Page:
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Research

2012 Tissue Chip Awards

On July 24, 2012, NIH issued 17 awards for research projects designed to create 3-D chips with living cells and tissues that accurately model the structure and function of human organs, such as the lung, liver and heart. In September of 2012, NIH issued two more awards, funded by other NIH Institutes and Centers. Twelve of these awards supported studies to develop 3-D cellular microsystems that represent a number of human organ systems. These bio-engineered devices aimed to be functionally relevant and reflect the complexity of the tissue of origin, including genomic diversity, disease complexity and pharmacological response. Seven awards  explored the potential of stem and progenitor cells to differentiate into multiple cell types that represent the cellular architecture within organ systems. These could act as a source of cells to populate tissue chips.

Artist’s conception of the microbrain bioreactor.

Artist’s conception of the microbrain bioreactor. The upper chamber contains the neurons and an artificial capillary that carries blood to the brain surrounded by the cells that make up the blood-brain barrier. The lower layer is filled with cerebral spinal fluid (CSF) and contains an artificial choroid plexus (red) that makes CSF and a venule (blue) that carries blood away from the brain, along with a collection of cells that form the blood-CSF and CSF-brain barriers. Collectively, all these cells will reproduce the microenvironment found in the brain. The entire device will be about the size of a grain of rice. (Vanderbilt University Photo/Dominic Doyle and Frank Block)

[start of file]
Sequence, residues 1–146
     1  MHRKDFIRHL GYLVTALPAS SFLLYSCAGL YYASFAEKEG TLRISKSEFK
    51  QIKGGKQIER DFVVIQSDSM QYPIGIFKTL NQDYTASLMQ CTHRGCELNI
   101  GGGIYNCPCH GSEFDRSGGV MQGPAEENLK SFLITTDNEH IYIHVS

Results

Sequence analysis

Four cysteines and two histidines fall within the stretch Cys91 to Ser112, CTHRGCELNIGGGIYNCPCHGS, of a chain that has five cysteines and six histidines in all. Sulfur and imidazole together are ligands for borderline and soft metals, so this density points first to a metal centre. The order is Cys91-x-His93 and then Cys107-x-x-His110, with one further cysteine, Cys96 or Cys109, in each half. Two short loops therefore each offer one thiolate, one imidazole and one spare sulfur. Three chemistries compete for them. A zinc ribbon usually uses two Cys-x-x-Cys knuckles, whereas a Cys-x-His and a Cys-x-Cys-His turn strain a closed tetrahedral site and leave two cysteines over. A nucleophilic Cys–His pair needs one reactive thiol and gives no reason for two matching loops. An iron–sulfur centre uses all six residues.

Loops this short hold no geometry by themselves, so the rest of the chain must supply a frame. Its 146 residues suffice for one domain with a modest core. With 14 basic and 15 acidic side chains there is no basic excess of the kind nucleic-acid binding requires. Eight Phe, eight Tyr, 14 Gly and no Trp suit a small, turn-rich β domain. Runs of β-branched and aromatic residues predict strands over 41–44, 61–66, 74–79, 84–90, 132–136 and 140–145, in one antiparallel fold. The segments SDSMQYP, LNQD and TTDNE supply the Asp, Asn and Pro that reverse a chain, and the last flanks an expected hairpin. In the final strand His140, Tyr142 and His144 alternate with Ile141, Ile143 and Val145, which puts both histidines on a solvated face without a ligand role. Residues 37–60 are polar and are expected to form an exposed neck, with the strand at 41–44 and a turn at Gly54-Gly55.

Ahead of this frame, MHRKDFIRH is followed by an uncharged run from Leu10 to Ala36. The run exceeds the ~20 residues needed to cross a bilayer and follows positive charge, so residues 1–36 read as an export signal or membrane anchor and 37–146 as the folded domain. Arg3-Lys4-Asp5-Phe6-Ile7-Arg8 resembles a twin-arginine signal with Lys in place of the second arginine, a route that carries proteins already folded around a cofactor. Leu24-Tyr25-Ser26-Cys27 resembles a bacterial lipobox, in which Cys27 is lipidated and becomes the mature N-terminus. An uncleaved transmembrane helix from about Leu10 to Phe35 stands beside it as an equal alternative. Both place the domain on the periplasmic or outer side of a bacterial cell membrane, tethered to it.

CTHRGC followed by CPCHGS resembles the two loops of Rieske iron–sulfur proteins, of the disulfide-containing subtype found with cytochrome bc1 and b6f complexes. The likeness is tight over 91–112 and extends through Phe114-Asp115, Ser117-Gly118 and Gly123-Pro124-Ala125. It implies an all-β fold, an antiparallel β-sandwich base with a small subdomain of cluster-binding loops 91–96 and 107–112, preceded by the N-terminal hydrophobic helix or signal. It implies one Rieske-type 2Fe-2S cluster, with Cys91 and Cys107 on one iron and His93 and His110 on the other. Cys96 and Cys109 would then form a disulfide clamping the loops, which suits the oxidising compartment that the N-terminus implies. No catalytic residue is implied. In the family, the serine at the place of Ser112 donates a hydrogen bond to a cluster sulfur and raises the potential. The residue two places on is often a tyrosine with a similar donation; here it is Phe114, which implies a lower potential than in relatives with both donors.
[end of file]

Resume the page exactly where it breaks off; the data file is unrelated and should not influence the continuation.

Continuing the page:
In addition to organ systems, some of the awarded researchers developed tissue microsystems that target specific health conditions, such as cardiovascular disease, cancer, degenerative arthritis and gastrointestinal disease.

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